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Citadelle d'Arras

Citadelle d'Arras
Citadelle d'Arras Photo - Liondartois - Wikipedia - lic. under CC BY-SA 3.0

Castle Facts:

Location: Arras, in the Pas-de-Calais departement of France (Nord-Pas-de-Calais Region).
Built: 14th century.
Condition: In good condition.
Ownership / Access: --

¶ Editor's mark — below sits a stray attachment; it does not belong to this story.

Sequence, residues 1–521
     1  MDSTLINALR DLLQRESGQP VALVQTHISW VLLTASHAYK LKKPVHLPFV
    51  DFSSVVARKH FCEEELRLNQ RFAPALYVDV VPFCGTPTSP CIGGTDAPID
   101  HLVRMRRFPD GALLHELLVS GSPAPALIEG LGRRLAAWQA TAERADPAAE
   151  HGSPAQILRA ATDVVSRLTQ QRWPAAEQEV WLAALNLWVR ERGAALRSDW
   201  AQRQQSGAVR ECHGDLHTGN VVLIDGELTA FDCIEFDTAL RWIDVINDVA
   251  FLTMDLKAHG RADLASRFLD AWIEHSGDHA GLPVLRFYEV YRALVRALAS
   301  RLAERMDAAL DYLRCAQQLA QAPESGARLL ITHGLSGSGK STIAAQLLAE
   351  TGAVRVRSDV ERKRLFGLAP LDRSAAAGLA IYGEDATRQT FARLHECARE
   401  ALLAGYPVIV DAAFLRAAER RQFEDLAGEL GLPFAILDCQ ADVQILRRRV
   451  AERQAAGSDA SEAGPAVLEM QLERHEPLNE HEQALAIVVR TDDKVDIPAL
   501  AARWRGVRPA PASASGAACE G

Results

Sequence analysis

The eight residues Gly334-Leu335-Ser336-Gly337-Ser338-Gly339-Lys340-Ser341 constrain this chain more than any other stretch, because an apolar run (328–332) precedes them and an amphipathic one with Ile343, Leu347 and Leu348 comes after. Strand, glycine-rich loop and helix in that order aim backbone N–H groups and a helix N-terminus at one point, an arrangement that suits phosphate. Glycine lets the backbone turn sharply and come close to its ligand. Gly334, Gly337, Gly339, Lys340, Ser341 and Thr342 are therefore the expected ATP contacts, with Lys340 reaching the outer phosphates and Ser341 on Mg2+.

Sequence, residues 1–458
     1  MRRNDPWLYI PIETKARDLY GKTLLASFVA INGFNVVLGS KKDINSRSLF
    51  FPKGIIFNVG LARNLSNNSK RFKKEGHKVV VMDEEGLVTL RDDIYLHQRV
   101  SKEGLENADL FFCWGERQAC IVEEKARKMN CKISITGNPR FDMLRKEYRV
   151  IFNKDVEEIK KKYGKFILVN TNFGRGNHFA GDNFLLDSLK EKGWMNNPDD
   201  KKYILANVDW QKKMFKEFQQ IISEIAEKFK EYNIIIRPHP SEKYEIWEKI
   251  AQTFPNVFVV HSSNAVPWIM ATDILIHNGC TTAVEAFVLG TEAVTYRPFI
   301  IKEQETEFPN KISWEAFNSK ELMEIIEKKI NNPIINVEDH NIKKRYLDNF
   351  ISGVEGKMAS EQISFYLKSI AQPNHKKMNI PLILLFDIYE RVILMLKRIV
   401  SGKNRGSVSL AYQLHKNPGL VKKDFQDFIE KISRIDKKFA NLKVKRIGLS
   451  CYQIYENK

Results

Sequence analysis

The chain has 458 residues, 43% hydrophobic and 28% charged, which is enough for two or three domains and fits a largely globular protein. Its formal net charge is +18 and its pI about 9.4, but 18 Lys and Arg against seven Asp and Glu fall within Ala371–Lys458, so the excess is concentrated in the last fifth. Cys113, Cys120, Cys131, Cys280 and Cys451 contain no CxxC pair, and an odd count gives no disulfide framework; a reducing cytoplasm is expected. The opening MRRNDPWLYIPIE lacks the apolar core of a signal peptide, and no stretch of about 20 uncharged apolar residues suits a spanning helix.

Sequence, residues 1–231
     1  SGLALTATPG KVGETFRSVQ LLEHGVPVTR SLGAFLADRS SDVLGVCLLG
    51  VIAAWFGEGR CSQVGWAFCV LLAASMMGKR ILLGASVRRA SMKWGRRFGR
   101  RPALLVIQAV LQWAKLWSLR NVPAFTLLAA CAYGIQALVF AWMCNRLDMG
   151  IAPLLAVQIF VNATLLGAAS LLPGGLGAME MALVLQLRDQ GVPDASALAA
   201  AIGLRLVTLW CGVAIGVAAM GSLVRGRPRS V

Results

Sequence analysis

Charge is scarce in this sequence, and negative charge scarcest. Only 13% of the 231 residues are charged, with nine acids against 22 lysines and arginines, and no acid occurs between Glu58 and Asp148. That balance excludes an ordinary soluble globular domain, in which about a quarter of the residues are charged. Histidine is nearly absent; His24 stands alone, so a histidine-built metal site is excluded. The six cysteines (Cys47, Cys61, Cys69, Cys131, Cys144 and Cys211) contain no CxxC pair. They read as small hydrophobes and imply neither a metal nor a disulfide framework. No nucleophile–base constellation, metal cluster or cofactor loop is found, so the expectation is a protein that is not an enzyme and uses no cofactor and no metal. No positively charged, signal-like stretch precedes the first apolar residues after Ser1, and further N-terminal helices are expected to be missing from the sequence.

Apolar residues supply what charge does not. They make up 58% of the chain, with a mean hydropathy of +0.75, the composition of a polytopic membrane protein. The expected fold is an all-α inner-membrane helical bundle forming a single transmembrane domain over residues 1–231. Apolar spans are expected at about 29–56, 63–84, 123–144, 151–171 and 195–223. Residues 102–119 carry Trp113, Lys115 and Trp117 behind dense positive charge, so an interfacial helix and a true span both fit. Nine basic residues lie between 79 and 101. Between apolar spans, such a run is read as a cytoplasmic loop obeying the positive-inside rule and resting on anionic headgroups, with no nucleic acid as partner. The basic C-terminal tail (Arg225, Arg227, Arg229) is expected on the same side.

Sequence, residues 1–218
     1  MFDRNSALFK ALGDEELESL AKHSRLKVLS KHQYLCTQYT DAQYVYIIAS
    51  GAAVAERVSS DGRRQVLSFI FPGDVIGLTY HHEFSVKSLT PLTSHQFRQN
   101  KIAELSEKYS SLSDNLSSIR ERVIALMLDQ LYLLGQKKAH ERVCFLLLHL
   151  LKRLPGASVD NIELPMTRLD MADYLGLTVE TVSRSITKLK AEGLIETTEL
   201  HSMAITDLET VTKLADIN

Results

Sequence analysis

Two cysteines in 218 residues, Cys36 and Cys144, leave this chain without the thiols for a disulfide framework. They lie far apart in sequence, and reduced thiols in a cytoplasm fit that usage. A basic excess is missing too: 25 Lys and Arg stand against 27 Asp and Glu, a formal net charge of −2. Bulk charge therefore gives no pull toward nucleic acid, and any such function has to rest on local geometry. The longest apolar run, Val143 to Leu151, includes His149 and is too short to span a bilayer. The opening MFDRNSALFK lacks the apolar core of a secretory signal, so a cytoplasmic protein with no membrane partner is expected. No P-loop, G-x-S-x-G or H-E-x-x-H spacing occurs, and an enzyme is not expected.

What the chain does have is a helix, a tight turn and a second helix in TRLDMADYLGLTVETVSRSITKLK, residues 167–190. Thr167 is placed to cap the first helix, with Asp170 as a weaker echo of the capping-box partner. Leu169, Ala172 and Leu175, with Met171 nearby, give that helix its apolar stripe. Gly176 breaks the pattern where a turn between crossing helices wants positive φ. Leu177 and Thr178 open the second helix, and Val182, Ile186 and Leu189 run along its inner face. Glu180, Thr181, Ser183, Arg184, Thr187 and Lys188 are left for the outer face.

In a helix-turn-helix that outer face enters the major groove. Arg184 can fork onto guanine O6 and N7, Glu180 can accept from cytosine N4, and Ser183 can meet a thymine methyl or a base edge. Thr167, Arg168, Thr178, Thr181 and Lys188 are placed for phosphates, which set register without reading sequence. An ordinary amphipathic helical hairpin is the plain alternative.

Notes: Citadelle d'Arras was built by Vauban from 1668 to 1672, to defend the place of Arras. It is a World Heritage Site by Unesco. The construction of the citadel was projected at five different locations of Arras in the city, near the main square, the Ronville door, in the work of Baudimont or between the gates of Amiens and Hagerue. This last project was chosen because it forms a right angle between the city and the city. Construction takes place from 1668 and ends in 1670. In parallel, the ramparts pâtirent. When Vauban defined his backyard for providing defense against the French invasions, it defines a second line of defense at Arras, and built the citadel of the city. Never attacked the citadel is called "the beautiful useless". In 1715, some underground serve prison. In 1830, after the constitutional charter of 14 August, the temple of the citadel is transformed in store. It decays since. Historical Monument partially classified in 1920 and 1929 and in full in 2012, the citadel is a World Heritage Site by UNESCO in 2008, including a major twelve fortifications of Vauban. The citadel is demilitarized in 2010. The state then outsources the Arras Urban Community. A consultation for the development master plan was launched in April 2010. According to the project announced in January 2011, the citadel house a recreation center, a housing division and an economic center. The Arras citadel is called the "great need". According to the author of Charles Lalleau, the nickname comes from the fact that there was no easement between Arras and its citadel. The walls were later destroyed and the square was not formed. The citadel in July hosts the Main Square Festival.

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